Lastly though not insignificantly, for Klumph to have finished out his career as a Golden Bear, he would have had to have been accepted to a Cal graduate school that maintains Ivy League-level entrance requirements.

While Klumph’s college football experience was in no way unusual, the same can’t be said for the method that ultimately produced a three-year starter at a Power 5 Conference.

Certainly Klumph’s football career at Crespi High School in Los Angeles gave no indication of what was to come considering that while on the school’s varsity, Klumph punted a grand total of six times,

But then, someone showed up in Klumph’s life who would change everything – a man named Chris Sailer.

Through his punting and kicking camps, Sailer has established himself as one of the foremost authorities on high school and college-age kicking talent in the United States.

Sailer’s reputation is such that, upon his blessing, it is all but impossible for punter or kicker not to be offered a scholarship to play football in college.

Klumph’s transformation from high school afterthought to a three-year starter in a Power 5 conference started when he began attending Sailer’s camps in 2014.

After initially showing Sailer that he had the raw talent necessary to earn a major college football scholarship – Klumph spent a year as a starting punter at Golden West Junior College in Huntington Beach, Calif..

Shortly thereafter, Sailer declared Klumph the “No. 6 punter in the nation,

Sufficiently impressed by the punter whisperer’s blessing, then-Cal Coach Sonny Dykes signed off on a scholarship for Klumph.

Why then, the testimonial from Klumph to admitted college admissions fixer Rick Singer?

The following transcript from an FBI wiretap of Singer may – or may not – provide a hint:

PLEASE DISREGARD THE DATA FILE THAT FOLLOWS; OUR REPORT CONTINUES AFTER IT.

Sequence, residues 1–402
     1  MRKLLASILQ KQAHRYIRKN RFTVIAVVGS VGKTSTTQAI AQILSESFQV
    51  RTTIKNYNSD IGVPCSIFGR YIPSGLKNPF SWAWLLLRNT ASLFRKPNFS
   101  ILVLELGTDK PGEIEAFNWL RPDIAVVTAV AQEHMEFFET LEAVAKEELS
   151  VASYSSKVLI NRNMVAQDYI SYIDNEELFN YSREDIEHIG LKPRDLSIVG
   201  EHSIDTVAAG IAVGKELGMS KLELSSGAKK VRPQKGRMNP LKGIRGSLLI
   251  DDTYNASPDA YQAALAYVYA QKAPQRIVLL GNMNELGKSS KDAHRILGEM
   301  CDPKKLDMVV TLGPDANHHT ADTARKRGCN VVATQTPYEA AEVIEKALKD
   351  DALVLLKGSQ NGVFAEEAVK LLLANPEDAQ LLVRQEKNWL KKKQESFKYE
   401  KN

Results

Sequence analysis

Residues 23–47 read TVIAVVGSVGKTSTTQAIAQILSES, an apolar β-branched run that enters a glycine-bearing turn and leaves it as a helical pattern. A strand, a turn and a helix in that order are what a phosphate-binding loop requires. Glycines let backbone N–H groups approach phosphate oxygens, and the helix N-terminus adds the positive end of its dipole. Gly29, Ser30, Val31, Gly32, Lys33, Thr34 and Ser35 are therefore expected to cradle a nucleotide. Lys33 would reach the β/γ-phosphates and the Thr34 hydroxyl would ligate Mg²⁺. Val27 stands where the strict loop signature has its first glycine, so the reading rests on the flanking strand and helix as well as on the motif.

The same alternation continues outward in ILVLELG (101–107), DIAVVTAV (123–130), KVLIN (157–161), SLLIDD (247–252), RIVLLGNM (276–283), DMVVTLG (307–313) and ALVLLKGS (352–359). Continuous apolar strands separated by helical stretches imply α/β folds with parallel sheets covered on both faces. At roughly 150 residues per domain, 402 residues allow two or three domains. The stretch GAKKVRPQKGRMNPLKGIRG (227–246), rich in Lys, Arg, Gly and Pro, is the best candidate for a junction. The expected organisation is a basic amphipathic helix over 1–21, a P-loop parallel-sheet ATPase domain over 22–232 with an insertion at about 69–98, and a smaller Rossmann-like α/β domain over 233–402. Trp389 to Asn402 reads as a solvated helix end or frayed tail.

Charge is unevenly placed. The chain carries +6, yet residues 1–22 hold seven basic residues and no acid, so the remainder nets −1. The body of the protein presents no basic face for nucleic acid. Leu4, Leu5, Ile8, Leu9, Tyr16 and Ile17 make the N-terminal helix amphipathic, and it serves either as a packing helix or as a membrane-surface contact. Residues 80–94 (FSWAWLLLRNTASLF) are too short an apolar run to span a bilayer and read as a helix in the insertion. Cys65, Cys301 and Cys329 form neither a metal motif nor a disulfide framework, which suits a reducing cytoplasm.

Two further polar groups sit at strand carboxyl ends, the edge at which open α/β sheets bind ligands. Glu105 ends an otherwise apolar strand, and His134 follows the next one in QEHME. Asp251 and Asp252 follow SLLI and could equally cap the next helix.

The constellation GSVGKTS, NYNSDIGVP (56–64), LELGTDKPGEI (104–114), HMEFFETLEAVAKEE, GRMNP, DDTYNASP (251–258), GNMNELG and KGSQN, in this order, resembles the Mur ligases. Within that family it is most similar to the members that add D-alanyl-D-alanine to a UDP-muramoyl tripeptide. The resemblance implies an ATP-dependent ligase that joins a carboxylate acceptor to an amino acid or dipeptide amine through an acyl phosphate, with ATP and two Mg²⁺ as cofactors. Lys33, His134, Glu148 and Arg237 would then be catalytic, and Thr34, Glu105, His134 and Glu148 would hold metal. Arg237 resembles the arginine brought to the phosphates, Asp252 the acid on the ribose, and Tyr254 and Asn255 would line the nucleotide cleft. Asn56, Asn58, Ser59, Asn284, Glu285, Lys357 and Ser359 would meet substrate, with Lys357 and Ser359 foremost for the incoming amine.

On or about August 22, 2018, CW-1 (Rick Singer) left McGLASHAN (Singer Client) a voicemail message explaining, in substance, that CW-1 (Rick Singer) would create a fake football profile using Photoshop software, which would allow McGLASHAN’s son to be admitted as a purported football recruit.

CW-1 (Rick Singer)

“Hey Bill, so we’re gonna– met with [USC], because the [high school your son attends] does not have a football team, I’m gonna make him a kicker/punter and they’re gonna walk him through with football, and I’ll get a picture and figure out how to Photoshop and stuff, so it looks like it and the guy who runs the biggest kicking camp is a good friend, so we’ll put a bunch of stuff about that on his profile, and we should be in pretty good shape to get that done. It’s just a matter of, when I get the profile done, get it to them and figure out when they’re gonna have a sub-committee meeting, so I’ll let you know. Stanford said no, too tough, grades too low, just don’t want to make that an exception right now for him. So I wanted you to know that as well, and then I think I’m seeing you next Tuesday, so if there’s anything you need from me just let me know. See ya. Bye-bye.”

Bye-bye, Rick.